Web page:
“It’s the intangibles. She’s a brilliant surgeon. She just has phenomenal relationships with her patients. She is so empathetic.”

— Fourth-year medical student Maddy Lenhard, on Julie Switzer, M.D., an assistant professor in the Department of Orthopaedic Surgery

“They are super excited about their respective topics and have sharp senses of humor. Weinhaus has a pretty dry wit, almost to the point where you don’t know when he’s joking until a few months into the course, but it keeps you paying attention, waiting for a little gem. Katz is more theatrical, with each lecture like a one-man Broadway show. I found him hilarious; who knew that the kidney has so much built-in comedic material?”

— Second-year medical student Nate Juergens, on anatomy professor Anthony Weinhaus, Ph.D., and kidney physiology professor Stephen Katz, Ph.D., both in the Department of Integrative Biology and Physiology

“George loves medicine. He loves talking with patients. He seems to have not forgotten anything about science. He meticulously and systematically applies scientific reasoning individualized to every patient, and he does it with fun and laughter. Mirth. He’s the best teacher I’ve ever seen.”

— Kathy Watson, M.D., on George Sarosi. M.D., whom Watson describes as having “won every teaching award ever” and who was chief of staff at the Minneapolis VA Health Care System while Watson was chief resident there in the early 1980s

“I had this kind of lengthy write-up about all these different things about what I thought was supposed to be in the write-up, and he said to me, ‘Well, what do you really think is going on?!’ He brought me front and center to the point.”

— Department of Family Medicine and Community Health professor Sharon Allen, M.D., Ph.D., who now poses the same question to her students, on her surgery rotation preceptor in medical school

Teaching tips from the pros

“As one of my own mentors once told me, I like to ask questions in a gentle Socratic method. What do they know about the problem we are seeing? What don’t they know about the problem we are seeing? What information do we need to search in the literature? I think asking questions engages the learner, helps them (and me) know what information they do not know, so then we can discuss the topic in further detail, emphasizing what is important to know and what else can we hope to learn in this situation.”

— Anne Blaes, M.D., an assistant professor of hematology/oncology and a recipient of the Medical School Year 3 Distinguished Clinical Teaching Award and the Educational Excellence Award for the Department of Medicine, among others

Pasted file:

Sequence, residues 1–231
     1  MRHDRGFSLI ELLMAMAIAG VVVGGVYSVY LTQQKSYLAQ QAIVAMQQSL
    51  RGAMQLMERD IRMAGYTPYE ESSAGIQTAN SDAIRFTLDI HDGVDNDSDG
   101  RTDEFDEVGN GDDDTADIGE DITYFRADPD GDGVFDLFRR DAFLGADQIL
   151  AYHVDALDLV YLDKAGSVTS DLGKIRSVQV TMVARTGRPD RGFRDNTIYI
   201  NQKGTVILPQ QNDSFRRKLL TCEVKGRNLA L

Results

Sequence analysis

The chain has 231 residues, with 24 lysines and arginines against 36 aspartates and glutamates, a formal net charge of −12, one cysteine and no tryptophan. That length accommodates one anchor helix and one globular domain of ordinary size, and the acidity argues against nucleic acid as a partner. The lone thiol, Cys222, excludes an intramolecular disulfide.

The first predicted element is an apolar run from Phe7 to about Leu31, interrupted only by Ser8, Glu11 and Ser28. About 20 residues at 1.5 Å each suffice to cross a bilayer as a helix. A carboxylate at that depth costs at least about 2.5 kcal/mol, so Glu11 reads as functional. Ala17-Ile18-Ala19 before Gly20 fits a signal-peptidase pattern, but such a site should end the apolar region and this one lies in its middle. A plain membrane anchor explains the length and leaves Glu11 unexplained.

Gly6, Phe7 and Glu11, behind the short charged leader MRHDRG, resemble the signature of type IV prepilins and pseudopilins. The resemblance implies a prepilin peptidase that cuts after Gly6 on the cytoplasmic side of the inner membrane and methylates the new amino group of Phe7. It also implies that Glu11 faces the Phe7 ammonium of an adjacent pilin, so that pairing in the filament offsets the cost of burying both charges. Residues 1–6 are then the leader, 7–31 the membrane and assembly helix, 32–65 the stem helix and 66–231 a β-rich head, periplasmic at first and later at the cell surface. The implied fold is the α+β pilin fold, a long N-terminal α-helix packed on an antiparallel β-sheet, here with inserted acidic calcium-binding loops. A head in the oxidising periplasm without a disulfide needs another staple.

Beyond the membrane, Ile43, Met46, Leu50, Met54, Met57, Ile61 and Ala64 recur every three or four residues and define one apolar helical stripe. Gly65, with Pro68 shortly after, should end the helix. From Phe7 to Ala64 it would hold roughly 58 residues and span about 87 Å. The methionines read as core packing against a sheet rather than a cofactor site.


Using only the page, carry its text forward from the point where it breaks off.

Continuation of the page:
“Every good teacher says this: You have to be prepared to learn from and with the students.”

— Kathy Watson, M.D., a recipient of the All-University Distinguished Teaching Award and the Parker J. Palmer Courage to Teach Award from the Accreditation Council for Graduate Medical Education

“You want to get to [your students’] level of understanding, which is sometimes a challenge because it’s comfortable to stay at your own level. Be flexible and be tuned in to where they are. And be responsive to them. Be willing to learn and be a student yourself.”

— Sharon Allen, M.D., Ph.D., who has received the Herz Faculty Teaching Development Award and the Outstanding Medical School Teacher Award in the Clinical Sciences and is a 2014 Harold S. Diehl Award winner

When you’re hiring new faculty members, how do you know you’ve got a great teacher in the room?

“I think a lot of the qualities are the same ones you look for when you admit a medical student. Really. You’re looking for someone with an intense curiosity and who is driven and focused on improving health and health care for groups and individuals and has a demonstrated track record. Who is a good critical thinker but original and open to new ideas. Adaptable. Someone who, above all, wants to teach for the patients and about the patients. Someone who is a good listener and really believes in the dynamic interaction that goes on. Someone who wants to keep growing.”

— Kathy Watson, M.D., senior associate dean for undergraduate medical education for the Medical School

Is there such a thing as a born teacher?

“That is one great question. Maybe a little bit. But I think we always overestimate how natural teaching is. Good teaching is a lot of hard work. If you a see a teacher [for whom teaching] seems like it’s pretty effortless, that person has put in a lot of hard work.”

— Alan Johns, M.D., M.Ed., interim Duluth regional campus dean

Published on March 24, 2015